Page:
May: I think that this article was interesting and was about something I never considered before. I don’t generally think about technology or human inequality in general in my everyday life because I am fairly sheltered, making this topic new to me. I know that there has been inequality, but I mostly considered it history with the African slave trade and women fighting for the right to vote. I never even considered that women don’t have equal rights in the tech field in the United States. It’s sad really, considering the 19th amendment gave women equal rights as men, and women today not being allowed to have those rights really surprised me. In the future, I want to learn if this is a more widely known issue and what more can be done to help these women in this industry.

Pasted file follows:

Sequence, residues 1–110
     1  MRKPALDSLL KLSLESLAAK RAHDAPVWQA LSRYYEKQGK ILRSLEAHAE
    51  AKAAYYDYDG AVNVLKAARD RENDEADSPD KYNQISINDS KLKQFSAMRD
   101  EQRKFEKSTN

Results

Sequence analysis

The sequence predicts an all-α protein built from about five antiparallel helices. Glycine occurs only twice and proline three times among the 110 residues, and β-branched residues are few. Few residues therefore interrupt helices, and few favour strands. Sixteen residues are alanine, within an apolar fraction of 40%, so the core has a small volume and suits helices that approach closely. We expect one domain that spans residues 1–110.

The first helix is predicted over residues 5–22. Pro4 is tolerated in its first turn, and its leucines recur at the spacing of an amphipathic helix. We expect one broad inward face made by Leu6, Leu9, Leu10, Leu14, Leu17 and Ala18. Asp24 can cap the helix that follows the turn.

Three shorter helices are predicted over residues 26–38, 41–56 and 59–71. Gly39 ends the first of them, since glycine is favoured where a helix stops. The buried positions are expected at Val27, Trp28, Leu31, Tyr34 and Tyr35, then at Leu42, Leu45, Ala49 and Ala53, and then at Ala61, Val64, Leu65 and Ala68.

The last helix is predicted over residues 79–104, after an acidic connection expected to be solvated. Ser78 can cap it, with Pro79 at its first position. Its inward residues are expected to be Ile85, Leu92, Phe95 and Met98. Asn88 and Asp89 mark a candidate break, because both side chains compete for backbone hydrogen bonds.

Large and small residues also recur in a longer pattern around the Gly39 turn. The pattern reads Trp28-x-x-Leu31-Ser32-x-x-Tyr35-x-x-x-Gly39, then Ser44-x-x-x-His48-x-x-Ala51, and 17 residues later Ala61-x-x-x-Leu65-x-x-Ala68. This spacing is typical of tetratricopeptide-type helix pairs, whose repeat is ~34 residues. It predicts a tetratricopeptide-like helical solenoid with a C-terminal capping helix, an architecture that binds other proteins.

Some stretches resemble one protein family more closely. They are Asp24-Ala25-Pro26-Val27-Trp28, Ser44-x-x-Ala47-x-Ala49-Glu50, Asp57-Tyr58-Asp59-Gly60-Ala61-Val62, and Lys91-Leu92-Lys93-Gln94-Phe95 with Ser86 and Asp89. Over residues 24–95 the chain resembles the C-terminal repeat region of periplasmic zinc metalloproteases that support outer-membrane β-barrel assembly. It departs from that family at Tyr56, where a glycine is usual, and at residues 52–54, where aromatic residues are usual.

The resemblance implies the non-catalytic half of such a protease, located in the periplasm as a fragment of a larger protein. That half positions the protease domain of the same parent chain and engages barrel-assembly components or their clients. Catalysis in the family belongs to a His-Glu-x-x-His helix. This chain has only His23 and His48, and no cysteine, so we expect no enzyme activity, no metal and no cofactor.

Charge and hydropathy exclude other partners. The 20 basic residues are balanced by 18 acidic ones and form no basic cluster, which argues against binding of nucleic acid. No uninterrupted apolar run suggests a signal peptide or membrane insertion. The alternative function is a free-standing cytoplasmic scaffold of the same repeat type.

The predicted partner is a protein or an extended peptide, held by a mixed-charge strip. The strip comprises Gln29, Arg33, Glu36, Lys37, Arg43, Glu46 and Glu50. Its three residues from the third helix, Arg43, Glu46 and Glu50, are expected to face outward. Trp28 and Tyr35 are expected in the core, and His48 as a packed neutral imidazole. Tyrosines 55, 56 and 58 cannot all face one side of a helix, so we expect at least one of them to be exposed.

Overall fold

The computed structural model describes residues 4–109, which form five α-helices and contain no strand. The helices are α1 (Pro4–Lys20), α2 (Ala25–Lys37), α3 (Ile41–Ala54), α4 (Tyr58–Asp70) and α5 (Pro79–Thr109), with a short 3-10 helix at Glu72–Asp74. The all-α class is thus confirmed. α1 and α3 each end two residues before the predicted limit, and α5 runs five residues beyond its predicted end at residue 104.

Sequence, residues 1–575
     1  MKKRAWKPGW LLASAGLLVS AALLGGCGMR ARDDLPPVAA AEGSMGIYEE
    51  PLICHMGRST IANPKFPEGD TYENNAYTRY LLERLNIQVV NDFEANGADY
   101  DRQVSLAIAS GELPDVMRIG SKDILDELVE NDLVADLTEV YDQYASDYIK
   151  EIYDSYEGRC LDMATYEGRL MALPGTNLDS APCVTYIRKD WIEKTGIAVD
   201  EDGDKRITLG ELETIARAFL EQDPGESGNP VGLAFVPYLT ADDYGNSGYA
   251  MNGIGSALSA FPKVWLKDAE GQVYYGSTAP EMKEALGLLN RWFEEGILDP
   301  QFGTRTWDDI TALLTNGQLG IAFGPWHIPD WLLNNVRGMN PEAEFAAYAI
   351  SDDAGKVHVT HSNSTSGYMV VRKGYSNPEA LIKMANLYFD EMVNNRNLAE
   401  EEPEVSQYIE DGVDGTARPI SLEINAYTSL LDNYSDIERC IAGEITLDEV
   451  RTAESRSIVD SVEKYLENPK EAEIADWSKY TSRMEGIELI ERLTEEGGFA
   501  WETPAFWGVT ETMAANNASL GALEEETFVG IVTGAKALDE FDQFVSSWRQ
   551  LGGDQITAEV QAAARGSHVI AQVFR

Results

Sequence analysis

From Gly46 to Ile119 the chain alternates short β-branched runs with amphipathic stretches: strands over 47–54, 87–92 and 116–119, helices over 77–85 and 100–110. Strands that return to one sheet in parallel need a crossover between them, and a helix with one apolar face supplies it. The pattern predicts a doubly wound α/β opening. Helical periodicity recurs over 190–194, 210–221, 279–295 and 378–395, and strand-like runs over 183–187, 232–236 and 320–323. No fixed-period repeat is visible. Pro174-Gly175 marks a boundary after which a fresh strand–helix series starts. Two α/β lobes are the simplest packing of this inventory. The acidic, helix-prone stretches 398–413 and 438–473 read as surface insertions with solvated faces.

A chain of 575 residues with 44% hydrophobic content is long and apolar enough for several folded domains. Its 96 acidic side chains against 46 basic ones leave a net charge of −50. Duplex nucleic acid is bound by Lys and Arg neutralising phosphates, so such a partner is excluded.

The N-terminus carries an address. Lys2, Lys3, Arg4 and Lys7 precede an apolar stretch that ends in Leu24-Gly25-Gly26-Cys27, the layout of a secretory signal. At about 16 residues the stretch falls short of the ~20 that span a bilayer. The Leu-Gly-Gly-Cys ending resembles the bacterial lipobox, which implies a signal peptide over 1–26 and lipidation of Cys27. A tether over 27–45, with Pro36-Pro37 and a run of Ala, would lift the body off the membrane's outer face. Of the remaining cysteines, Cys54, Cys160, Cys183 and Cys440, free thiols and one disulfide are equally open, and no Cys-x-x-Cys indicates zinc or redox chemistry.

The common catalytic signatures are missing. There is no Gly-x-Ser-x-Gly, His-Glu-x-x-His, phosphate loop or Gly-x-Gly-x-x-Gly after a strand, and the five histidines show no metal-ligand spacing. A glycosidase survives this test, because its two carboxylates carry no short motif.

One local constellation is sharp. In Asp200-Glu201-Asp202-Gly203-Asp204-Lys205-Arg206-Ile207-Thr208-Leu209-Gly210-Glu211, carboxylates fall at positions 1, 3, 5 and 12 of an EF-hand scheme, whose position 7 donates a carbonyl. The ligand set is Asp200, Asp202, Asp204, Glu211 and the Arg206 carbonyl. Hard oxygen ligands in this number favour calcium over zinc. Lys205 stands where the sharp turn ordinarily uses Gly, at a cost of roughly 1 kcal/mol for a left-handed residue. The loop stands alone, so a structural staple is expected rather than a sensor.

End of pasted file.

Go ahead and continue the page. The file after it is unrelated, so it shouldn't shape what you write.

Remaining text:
In sum, all of us in the 11th and 12th-grade classes found the topic of Liza Mundy’s April Atlantic article, “Why is Silicon Valley So Awful to Women” to be interesting, important, and troubling. Many of us were aware, to some extent, of the situation prior to reading the article, but it did add to what we already knew. For others, this information was almost entirely new. Either way, we found it gave us something to think about and is a topic that we would like to explore further. A couple of us are interested in going into STEM, so this article felt particularly relevant to us and our consideration of what we will do in the future.